From the story:
 

“The new generation doesn’t see (obese people) as different. There is a new, democratic world view: Everyone can be a star.”

 

With that casual acceptance in mind, we ask what’s the big deal? Well, society and the media tell us being obese is not OK, being overweight is not OK — it’s a constant message no matter how many times celebs tell us they like their weight gains or urge us to love ourselves just the way we are. But if we consider that in the calendar year 2009–2010, 35.7% of U.S. adults were obese, we understand exactly why brands are embracing obese people: They’re consumers, too, with discretionary dollars to spend. This isn’t about everyone loving everyone just the way they are; for better or for worse, featuring fat folks in ads is about sales — plain ol’ dollars and cents.

Quick facts about obesity from the Centers of Disease Control and Prevention:

  • An adult who has a BMI between 25 and 29.9 is considered overweight.
  • An adult who has a BMI of 30 or higher is considered obese.
  • Approximately 17% (or 12.5 million) of children and adolescents aged 2—19 years are obese.
  • Since 1980, obesity prevalence among children and adolescents has almost tripled.

SOURCES:
http://www.cdc.gov/obesity/data/adult.html
http://www.cdc.gov/obesity/data/childhood.html
 
 


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Nike ad team finds greatness with ‘Jogger’

EDITOR’S NOTE: This post reflects my interest as a marketing student in advertising and sports marketing. The opinions expressed here are mine and in no way reflect the opinions of my employers. No agencies or products are endorsed.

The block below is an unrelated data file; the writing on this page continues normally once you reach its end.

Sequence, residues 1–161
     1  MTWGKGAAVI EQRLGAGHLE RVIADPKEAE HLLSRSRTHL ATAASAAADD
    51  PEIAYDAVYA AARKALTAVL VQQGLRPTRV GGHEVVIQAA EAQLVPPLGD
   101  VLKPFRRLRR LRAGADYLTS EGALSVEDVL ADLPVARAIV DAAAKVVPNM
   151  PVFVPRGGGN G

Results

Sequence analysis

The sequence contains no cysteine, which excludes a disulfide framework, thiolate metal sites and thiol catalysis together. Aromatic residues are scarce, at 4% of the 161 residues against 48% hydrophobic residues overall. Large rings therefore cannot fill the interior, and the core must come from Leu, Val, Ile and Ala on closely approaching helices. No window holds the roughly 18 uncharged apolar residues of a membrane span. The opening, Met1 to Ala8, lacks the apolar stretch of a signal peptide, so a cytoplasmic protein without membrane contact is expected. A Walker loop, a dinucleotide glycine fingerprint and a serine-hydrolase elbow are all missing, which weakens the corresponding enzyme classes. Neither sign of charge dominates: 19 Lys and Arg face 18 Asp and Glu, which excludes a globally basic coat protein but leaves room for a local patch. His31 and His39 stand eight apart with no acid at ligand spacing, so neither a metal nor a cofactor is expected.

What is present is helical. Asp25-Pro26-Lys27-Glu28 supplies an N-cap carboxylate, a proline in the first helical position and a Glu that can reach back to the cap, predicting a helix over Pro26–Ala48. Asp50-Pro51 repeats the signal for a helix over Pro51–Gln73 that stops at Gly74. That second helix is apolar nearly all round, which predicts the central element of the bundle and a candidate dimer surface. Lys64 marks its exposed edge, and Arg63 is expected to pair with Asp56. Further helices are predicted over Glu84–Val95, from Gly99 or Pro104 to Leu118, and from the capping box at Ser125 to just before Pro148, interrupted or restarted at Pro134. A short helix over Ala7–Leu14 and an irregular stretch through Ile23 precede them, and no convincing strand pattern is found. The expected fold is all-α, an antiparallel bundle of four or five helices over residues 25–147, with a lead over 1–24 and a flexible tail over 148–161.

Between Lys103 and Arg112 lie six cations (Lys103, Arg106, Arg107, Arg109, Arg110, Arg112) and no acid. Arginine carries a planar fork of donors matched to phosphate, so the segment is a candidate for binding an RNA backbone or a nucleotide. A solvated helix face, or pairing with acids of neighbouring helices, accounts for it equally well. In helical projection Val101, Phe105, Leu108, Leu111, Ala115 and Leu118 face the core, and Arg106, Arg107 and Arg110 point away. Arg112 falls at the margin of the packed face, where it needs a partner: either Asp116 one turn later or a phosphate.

I’m reluctant to admit that I haven’t paid attention to the London 2012 Games, but I have found myself stopped, intrigued and inspired by Nike’s “Find Your Greatness” series.

UPDATED AUG. 5 Particularly powerful is “Jogger,” the spot where we meet Nathan on a lonely road in Ohio. He’s not blazing around a track, looking like a part-time movie star. He’s an overweight kid putting one foot in front of the other in an effort to make his life better, healthier. The one-minute-three-second spot is filmed in a single, unedited shot, and the narration (provided by actor Tom Hardy) is quiet, simple, effective. We’re not focused on the shoes, just the kid. And we’re not just focused, we’re transfixed. The commercial proves the power of simplicity as it touches the part of us that has felt like the chubby kid, the part of us that has buckled under the blanket of loneliness, the part of us that is struggling to be more than what we are now.
 

Somehow we’ve come to believe greatness is a gift, reserved for a chosen few. For prodigies. For superstars. And the rest of us can only stand by watching.
~ Narrator Tom Hardy,
Nike “Find Your Greatness” commercial, August 2012

 
“Jogger” was posted on Nike’s YouTube channel on July 31. At the time of this writing, it had 284,786 views, 3,867 likes and 57 dislikes. On Nike’s Facebook page, a photo of Nathan with a link to the video had garnered 36,742 likes, 2,804 shares, and 934 comments since it was posted July 31. It is just one of a much larger campaign that Nike launched to coincide with the opening of the London Games.
 

Greatness is no more unique to use than breathing. We’re all capable of it. All of us.
~ Narrator Tom Hardy,
Nike “Find Your Greatness” commercial, August 2012

 
For more on the narrator, please visit one of these fine sites: Tom Hardy Fan, Sport Wired or Exploring Tom Hardy.

AGENCY: W+K, the folks who brought you ESPNWatch’s “Paintings” commercial.